Posted by: vikingsinspace | November 21, 2011

I.4.01.1.05. Visit Bede’s Tomb and Jarrow

Date accomplished: Summer of 2007

Bede’s Tomb

This is a strange goal as it is two different places wrapped in one goal – the point being that these are both areas associated with the Venerable Bede.  The first, being Bede’s tomb, is inside Durham Cathedral.  Bede actually has no connection to Durham since the Monastery there was no founded until several hundred years after his death (although the monastic community at Durham did have its beginnings on Lindisfarne Island during Bede’s life).  The monks of Durham took Bede’s remains in the twelfth century (I think…) and placed him in Durham Cathedral where he remains to this day.  Unfortunately, Durham Cathedral doesn’t allow photography, so I had to take this picture on the sly – hence why it is upside down, and not very good…)

St. Paul’s Church in Jarrow

Jarrow is a small town near Newcastle.  In Anglo-Saxon times, a monastery was built here where Bede lived and produced his writings.  Parts of that monastery still exist in the form of St. Paul’s church.  Much of the church was built in later times, but the rear-most chapel was a part of the original monastery.  The picture shown here is of the exterior of that chapel, and part of what indicates the age of the building is the very small windows.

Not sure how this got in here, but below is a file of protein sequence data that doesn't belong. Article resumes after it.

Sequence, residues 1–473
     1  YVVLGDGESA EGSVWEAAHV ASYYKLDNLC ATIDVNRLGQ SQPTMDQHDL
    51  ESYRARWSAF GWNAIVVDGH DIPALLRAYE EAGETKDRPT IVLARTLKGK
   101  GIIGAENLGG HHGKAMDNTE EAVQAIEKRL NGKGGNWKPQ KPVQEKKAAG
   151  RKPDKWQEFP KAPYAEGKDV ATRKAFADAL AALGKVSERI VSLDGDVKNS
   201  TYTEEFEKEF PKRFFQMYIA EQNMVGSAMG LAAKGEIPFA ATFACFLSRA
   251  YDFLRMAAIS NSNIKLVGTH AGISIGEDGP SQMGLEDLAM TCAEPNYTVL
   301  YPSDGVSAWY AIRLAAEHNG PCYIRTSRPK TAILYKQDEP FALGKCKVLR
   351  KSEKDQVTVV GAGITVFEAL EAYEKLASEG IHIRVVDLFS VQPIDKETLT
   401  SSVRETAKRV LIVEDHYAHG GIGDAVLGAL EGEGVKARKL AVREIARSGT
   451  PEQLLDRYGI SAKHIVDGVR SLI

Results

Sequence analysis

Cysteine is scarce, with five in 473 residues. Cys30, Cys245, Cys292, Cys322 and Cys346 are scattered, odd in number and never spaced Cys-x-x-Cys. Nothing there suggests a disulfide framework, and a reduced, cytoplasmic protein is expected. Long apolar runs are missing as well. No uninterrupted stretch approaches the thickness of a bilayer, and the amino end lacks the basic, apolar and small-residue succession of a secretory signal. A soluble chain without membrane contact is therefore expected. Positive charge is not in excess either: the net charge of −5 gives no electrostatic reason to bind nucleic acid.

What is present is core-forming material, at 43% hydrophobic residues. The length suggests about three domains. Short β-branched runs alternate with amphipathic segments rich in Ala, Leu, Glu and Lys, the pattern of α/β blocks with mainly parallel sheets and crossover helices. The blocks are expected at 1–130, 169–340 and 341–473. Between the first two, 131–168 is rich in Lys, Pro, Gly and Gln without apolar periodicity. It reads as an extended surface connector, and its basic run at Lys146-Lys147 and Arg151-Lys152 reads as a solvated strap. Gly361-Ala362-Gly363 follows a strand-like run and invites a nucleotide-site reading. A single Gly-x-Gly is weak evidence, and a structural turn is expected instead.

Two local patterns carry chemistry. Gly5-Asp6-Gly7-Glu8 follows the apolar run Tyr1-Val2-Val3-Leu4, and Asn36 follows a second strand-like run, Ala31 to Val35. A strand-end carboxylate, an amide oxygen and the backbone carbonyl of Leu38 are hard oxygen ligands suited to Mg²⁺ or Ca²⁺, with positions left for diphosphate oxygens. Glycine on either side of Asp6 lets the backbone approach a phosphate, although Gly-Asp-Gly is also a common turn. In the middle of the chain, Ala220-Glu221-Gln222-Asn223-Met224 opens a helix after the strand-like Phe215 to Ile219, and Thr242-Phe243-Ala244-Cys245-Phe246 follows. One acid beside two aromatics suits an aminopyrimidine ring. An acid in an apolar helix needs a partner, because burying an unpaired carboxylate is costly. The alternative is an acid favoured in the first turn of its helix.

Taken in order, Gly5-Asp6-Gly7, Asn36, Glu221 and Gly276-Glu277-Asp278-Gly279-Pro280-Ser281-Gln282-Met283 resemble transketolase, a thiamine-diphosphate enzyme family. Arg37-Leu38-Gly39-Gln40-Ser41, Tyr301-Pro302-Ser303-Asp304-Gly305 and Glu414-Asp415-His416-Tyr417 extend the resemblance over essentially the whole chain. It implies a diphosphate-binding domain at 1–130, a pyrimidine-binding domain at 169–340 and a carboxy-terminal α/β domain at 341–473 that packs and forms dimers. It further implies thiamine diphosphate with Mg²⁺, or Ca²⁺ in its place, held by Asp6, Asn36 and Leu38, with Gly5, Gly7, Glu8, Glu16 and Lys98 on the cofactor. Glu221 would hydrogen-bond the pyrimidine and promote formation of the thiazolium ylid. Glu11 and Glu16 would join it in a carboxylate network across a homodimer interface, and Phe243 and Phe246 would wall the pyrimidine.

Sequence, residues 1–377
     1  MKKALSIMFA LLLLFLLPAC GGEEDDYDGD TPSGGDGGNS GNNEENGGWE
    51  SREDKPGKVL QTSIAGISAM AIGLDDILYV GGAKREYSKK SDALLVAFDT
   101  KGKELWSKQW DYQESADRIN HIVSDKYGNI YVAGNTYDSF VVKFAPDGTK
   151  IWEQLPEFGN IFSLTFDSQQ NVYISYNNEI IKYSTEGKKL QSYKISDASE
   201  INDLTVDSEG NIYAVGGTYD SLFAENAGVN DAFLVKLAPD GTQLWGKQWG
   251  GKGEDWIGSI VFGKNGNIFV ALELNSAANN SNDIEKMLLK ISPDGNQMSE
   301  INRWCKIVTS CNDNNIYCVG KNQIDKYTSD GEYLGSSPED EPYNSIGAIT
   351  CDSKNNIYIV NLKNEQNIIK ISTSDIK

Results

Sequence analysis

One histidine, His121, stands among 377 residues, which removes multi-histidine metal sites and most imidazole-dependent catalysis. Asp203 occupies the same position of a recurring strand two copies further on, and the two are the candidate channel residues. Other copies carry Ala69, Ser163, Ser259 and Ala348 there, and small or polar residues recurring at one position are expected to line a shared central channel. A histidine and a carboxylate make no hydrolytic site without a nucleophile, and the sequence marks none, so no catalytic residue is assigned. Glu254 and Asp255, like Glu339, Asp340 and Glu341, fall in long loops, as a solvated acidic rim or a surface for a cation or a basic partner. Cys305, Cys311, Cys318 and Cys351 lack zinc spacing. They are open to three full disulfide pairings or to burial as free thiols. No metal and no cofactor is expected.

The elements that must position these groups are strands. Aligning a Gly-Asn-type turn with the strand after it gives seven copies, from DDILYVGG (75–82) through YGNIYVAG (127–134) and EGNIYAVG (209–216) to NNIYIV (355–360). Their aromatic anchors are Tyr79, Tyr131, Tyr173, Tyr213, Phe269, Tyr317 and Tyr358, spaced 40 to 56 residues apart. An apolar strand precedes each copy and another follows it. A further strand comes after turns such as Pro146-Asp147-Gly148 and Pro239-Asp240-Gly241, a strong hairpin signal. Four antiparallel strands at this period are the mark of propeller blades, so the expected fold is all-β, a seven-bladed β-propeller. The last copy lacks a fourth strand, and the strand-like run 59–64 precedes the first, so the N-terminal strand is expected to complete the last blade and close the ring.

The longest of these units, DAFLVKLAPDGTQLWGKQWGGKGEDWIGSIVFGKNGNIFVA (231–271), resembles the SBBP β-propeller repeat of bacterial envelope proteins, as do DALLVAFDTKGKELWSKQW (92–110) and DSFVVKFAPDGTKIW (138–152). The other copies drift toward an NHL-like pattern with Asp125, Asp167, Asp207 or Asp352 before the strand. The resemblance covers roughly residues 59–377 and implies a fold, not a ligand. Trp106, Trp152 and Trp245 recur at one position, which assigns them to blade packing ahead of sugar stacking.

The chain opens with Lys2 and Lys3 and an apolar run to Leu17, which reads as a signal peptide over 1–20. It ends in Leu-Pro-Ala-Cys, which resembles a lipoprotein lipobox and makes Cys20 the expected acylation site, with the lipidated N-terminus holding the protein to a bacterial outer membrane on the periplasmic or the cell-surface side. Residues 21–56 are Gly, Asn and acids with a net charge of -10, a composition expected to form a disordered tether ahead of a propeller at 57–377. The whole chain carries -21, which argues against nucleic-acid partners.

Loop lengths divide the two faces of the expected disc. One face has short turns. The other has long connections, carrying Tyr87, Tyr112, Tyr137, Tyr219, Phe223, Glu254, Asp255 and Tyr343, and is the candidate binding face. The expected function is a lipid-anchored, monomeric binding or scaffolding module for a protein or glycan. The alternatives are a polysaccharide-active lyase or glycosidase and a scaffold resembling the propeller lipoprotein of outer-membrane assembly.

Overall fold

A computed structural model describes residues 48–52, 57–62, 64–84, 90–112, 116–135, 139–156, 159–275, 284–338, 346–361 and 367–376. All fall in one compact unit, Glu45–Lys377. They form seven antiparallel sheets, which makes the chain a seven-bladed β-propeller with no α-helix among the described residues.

Medieval Cows!

Nearby St. Paul’s Church is another destination worthy of a Bede pilgrimage: Bede’s World.  Bede’s World contains an excellent museum which tells the story of Anglo-Saxon Northumbria and the founding of the joint monastery of Monkwearmouth-Jarrow by Benedict Biscop.  However, the main lure of Bede’s World is the re-created Anglo-Saxon Farm.  Not only do they have many recreated Anglo-Saxon buildings using the same materials as the Saxons, but they have attempted to preserve or re-breed ancient types of farm animals that the Saxons would have kept. 

Anglo-Saxon House at Bede’s World

I have been fortunate to visit Bede’s World and Jarrow twice, and have visited Bede’s tomb in Durham many times since I lived so close by.  I have since moved back to America, and I find myself missing the ability to easily wonder to these wonderful Medieval sites that provide a real sense of how people lived over a thousand years ago.  I would highly recommend any and all of these places for people planning a visit to Northern England, or to anyone who enjoys Anglo-Saxon History or the writings of the Venerable Bede.

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